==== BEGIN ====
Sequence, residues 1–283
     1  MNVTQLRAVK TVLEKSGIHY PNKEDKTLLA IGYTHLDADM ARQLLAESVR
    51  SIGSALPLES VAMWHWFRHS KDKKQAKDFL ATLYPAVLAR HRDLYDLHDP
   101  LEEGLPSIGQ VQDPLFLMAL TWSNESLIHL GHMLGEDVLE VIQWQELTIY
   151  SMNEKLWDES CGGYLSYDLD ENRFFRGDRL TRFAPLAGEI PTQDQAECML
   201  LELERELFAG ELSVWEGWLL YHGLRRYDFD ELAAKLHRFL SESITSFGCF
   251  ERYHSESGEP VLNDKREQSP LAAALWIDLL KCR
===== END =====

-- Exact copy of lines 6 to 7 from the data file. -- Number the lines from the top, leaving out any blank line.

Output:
   201  LELERELFAG ELSVWEGWLL YHGLRRYDFD ELAAKLHRFL SESITSFGCF
   251  ERYHSESGEP VLNDKREQSP LAAALWIDLL KCR